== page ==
I’m helping to make Austin Net-Zero by: using repurposed materials to tell stories with purpose.
Meet Caroline Reck, Founder and Producing Artistic Director of Glass Half Full Theatre. Caroline is a puppeteer, and her theatre company creates original works about global issues using puppets and performers. To be clear, when we say “puppeteer,” we aren’t talking about cute furry animals that teach children their manners and ABCs (although those do have a place). Caroline is the kind of puppeteer who focuses on telling original stories and highlighting world dilemmas. To do this, Caroline and her team of performers use puppets made from materials like wood, paper, Styrofoam, discarded plastics, bamboo skewers, and clothesline.
This month, Glass Half Full Theatre will perform “Once There Were Six Seasons – Interactive,” an original work about humankind’s impact on climate change. We spoke with Caroline while touring her workshop to see where the magic happens, and talk with her about what motivates her to live Net-Zero. Read more below.
The durability of single-use objects distresses me deeply. As a puppeteer, my work depends on getting an audience to invest in an inanimate object, so the fairly common practice of drinking one time from a plastic cup and then discarding it is baffling to me. Consider for a moment the journey of that cup — from creation, to packaging and shipping, to purchasing, until someone finally drinks from it and throws it away minutes later. That’s a lot of build-up in terms of money, time, and energy for one person to use it for just a few minutes, only to throw it away to decompose over seven or eight hundred years. That cup is going to be here way longer than the person who drank from it. There’s no respect in that system for all of the people and resources used (and misused) along the way, let alone any respect for the object itself. I think we should show greater respect for the people, objects and resources around us, and we should start by reducing those single-use items like plastic cups.
I started making shows about environmental justice issues and building with repurposed materials years ago, and I’ve been lucky to gather a community who cares about similar issues through my theatre company. It’s hard work, and I find that only the socially and politically motivated artists stick around. I met one of my closest collaborators because she saw a show and we bonded over similar work she’d been exploring, and over time she’s become a really important part of the company.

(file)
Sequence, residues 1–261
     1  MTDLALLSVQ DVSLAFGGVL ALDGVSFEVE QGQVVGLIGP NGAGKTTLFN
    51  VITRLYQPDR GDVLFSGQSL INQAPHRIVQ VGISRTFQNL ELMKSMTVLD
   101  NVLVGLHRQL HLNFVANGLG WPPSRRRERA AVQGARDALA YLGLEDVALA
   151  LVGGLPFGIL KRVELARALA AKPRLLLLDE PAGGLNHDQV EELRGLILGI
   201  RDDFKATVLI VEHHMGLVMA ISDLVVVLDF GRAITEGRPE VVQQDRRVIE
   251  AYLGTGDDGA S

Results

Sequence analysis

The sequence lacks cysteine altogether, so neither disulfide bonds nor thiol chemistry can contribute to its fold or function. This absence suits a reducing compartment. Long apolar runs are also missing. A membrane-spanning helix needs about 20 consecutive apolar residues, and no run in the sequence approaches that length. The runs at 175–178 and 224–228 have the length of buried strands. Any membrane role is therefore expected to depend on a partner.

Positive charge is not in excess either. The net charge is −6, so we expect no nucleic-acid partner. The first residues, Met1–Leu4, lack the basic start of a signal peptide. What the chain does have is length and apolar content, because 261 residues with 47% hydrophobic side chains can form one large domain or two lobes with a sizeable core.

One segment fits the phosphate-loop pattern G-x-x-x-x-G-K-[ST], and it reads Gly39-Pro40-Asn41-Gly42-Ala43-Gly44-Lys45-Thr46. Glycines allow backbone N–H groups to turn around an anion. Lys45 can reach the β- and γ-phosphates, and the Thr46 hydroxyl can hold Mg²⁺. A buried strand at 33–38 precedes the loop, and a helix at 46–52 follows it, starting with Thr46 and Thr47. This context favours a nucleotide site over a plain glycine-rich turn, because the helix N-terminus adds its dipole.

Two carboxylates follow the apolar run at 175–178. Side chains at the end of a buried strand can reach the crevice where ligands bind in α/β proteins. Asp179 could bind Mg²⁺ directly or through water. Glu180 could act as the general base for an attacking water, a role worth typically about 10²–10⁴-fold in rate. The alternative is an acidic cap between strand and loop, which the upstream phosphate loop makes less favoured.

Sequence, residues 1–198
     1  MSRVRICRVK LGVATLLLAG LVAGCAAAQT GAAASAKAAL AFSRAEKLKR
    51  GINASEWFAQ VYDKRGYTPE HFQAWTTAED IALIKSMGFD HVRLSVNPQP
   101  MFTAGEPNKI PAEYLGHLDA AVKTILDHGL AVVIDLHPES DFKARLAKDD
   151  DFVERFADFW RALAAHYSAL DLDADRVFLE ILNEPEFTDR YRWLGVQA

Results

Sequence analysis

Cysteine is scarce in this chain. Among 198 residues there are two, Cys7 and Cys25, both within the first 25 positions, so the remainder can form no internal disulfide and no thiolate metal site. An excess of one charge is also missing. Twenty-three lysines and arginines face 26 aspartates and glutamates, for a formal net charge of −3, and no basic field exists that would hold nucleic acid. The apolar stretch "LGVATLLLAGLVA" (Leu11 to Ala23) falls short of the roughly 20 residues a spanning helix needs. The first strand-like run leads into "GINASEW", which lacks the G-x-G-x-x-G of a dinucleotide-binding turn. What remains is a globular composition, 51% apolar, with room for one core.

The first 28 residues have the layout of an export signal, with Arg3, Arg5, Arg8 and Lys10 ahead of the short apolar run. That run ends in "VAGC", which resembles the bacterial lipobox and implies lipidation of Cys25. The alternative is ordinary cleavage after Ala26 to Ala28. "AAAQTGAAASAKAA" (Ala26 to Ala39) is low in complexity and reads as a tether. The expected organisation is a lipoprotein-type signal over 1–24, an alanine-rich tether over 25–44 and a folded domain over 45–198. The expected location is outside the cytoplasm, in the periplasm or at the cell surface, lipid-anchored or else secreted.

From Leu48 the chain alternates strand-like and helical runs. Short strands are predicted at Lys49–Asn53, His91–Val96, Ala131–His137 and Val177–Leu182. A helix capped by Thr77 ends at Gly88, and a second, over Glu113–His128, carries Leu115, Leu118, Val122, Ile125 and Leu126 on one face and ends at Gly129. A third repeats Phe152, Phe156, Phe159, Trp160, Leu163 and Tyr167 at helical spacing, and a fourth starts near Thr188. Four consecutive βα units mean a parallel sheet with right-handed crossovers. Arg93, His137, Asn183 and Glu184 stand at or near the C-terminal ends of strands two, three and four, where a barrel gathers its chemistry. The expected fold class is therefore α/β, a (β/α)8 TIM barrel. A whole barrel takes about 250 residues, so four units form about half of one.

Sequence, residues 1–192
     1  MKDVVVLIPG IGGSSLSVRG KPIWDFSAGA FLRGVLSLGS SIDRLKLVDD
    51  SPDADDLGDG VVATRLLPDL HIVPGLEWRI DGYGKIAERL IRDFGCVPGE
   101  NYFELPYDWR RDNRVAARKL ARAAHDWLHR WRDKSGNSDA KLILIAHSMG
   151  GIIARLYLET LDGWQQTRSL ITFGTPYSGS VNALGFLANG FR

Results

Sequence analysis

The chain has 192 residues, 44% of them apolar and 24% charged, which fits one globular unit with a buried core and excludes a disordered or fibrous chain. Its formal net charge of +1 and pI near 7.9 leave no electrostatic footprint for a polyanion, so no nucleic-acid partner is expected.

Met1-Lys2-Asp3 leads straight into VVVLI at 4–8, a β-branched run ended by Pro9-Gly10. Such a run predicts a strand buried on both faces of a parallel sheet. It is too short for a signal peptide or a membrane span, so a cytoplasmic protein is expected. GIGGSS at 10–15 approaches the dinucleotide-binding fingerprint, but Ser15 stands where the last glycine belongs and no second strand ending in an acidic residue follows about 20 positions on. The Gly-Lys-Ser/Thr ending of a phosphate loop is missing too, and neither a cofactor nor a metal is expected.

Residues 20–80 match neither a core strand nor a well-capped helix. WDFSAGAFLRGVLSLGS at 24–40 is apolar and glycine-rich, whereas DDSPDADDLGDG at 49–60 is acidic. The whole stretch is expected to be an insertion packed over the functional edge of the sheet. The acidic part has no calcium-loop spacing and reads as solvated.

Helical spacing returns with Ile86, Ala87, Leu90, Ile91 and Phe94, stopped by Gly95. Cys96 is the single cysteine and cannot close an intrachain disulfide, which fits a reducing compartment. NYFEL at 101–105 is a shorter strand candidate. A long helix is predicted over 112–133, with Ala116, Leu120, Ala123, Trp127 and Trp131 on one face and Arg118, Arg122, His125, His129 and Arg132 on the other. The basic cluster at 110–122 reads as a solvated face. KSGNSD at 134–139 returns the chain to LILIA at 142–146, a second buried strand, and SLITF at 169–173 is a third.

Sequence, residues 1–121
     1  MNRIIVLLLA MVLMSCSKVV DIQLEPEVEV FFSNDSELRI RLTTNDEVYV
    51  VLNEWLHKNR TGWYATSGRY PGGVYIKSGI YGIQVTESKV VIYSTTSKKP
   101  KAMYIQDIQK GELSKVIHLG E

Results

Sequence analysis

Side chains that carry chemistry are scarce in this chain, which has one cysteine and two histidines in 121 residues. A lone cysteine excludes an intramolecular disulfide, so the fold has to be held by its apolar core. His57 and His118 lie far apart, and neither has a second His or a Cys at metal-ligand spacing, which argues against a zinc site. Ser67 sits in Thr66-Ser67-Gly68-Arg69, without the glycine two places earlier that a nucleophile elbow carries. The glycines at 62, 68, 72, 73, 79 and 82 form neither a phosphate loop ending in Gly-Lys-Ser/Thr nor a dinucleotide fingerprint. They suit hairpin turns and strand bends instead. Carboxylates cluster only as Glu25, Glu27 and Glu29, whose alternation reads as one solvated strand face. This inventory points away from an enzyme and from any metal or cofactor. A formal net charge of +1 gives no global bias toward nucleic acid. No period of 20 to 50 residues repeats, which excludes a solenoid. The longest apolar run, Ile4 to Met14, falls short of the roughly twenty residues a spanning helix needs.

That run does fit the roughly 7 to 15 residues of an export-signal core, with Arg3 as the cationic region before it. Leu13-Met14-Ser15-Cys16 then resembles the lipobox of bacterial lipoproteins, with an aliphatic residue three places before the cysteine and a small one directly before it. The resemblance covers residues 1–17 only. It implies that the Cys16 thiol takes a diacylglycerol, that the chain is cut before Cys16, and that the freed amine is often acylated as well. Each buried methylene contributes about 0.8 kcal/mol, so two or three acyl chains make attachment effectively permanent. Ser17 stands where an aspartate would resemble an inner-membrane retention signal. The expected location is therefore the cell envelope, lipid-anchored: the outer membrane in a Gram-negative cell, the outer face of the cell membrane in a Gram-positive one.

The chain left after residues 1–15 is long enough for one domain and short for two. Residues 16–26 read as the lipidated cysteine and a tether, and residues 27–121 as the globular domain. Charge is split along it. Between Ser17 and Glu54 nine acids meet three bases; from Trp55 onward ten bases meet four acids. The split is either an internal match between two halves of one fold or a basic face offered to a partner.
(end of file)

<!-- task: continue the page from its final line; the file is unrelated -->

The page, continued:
It’s time consuming to source repurposed items. Storage can be a problem, as I’ll often find interesting objects or materials and need to hoard them for a while until their next purpose is revealed. It’s also really difficult to talk about complex subjects like climate change in a way that is entertaining and enlightening. We try to stick to the optimistic message behind the company name (Glass Half Full) and look for humorous and inspiring ways to address these momentous issues, but the reality of our climate situation can be hard to face.
It’s my job to look through trash and junk bins, get inspired by real world events, and make up stories. I wear overalls to work and use glue and paint. I get to write Facebook posts asking friends to save their Styrofoam packing peanuts for my next play. If you could have told my third grade self that this would be (part of) how I make my living, I would not have believed you.
Don’t let perfect be the enemy of good. If you want to reduce your carbon footprint, put a gentle focus on an area you think you can improve. Going vegan was easy for me, but giving up airplane travel would break my heart. If steak is your favorite thing ever, then maybe don’t start there.
Also, maybe this is obvious for some, but it was hard for me: you don’t have to hide how you live your life because you’re worried that others will be offended. If you want to bring your reusable cutlery to a picnic, do it. Pull it out. Bust out your compostable garbage bag and offer to bag the “would-be trash” and take it home to your garden. If someone asks, explain. Maybe a few more people will see it’s no big deal to buck the system. More than anything: VOTE — with your ballot and with your wallet.
To learn more about Austin's Net-Zero Goal, view the Community Climate Plan.
Share your Net-Zero contributions with us on Twitter or Facebook and use #NetZeroHero. If you know a Net-Zero Hero (or heroes!) who should be recognized for their efforts, send your nomination to email@example.com.